Bangladesh has long been a country of movement. There are as many reasons for migrating as there are people, but the first thing a migrant will typically tell you is that he or she moved for better economic opportunities. Bangladesh has also always been a country of dangerous weather, and, as climate change becomes a bigger problem, this is increasingly felt by the poor. The poor are both the most vulnerable and the most exposed to bad weather, since they often have little choice but to live in the least protected areas. In the southern Bhola District, the poorest are typically the ones living the closest to the river – simply because land is cheaper there. Consequently, the poor are also the ones being hit the hardest by river bank erosion. Last month, I visited a village where I was told that, only five years ago, the land stretched 10 KM into the river. Now there is almost no fertile land left in the village. Many farmers have become fishermen. Families that were able to collect enough money for a ticket have left for alternative livelihoods in cities like Dhaka and Chittagong. The ones who lost absolutely everything now live on the embankment, which is also eroding little by little, day by day.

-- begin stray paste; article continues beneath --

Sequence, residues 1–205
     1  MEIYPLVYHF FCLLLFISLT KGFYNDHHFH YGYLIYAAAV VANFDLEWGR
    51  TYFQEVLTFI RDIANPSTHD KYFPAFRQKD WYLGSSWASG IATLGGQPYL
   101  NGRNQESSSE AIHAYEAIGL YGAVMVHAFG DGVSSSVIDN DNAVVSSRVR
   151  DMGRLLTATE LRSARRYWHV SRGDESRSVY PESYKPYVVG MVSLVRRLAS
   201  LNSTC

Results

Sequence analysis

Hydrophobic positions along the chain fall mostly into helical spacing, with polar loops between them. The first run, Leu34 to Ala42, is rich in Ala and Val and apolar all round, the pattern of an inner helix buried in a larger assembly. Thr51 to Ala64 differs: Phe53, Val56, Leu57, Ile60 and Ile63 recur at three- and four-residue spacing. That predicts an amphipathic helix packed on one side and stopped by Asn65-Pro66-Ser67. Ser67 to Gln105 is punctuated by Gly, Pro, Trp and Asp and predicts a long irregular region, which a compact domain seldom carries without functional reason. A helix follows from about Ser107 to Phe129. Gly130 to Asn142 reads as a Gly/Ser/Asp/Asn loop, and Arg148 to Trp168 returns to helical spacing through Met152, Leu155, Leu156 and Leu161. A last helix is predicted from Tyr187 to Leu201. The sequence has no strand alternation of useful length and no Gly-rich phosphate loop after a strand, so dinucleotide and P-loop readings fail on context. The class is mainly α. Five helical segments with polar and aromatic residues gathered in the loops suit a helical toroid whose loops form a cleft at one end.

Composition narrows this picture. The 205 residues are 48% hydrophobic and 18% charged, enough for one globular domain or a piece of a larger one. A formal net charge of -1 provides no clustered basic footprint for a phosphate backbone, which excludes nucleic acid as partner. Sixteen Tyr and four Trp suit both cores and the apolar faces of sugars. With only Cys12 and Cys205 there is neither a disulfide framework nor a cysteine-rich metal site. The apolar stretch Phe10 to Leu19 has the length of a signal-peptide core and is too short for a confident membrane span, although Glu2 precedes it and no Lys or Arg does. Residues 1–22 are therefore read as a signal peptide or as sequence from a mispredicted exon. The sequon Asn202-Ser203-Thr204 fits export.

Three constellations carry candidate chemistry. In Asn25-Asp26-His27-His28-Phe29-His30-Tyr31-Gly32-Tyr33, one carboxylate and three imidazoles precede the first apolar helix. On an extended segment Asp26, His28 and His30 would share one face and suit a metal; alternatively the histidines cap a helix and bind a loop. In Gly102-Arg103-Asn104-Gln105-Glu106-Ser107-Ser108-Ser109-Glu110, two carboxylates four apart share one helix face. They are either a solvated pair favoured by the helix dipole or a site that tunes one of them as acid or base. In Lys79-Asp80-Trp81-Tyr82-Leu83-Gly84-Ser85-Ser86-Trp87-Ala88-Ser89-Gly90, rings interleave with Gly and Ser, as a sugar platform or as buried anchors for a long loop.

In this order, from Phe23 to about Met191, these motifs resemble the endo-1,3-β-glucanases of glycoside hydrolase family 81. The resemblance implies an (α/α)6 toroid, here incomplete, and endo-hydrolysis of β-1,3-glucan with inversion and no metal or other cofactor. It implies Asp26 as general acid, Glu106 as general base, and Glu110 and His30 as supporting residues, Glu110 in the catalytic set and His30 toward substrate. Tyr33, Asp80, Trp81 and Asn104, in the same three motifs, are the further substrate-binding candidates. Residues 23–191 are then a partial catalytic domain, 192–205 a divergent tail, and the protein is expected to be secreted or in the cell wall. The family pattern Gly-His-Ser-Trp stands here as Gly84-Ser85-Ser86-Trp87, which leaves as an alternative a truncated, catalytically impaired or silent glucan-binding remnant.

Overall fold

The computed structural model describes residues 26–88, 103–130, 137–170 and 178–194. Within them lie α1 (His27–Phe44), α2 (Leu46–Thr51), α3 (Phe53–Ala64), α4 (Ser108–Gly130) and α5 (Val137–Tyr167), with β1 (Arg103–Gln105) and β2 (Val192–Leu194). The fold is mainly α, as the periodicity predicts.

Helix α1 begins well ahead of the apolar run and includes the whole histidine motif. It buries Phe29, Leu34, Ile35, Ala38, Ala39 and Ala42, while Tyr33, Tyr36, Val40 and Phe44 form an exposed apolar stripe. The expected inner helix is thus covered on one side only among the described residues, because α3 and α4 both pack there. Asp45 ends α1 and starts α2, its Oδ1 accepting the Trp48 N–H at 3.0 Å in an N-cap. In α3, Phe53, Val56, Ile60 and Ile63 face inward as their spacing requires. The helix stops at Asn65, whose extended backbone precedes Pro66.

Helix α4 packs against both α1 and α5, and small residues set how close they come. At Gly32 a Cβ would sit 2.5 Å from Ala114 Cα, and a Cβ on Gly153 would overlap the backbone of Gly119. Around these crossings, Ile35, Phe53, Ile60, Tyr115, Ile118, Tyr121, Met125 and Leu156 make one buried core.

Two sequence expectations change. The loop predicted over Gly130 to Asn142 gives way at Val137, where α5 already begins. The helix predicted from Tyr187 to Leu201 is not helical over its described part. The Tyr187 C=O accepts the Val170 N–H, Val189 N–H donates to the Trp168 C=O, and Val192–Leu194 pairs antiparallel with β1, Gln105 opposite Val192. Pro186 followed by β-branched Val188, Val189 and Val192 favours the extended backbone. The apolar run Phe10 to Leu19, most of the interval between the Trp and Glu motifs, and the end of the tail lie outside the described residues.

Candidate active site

What I experienced several times when speaking to people in Bhola was that they talked about moving as the saddest thing that could possible happen to them. At the same time, when they talked about people who had moved , they referred to them as the “ones being able to do so – the ones with the money” in a voice that seemed like migration was something to be envied. This shows how migration, although almost always about income opportunities, is also an emotional decision. This is often overlooked and needs to be taken into consideration when we weight the advantages and disadvantages of migration.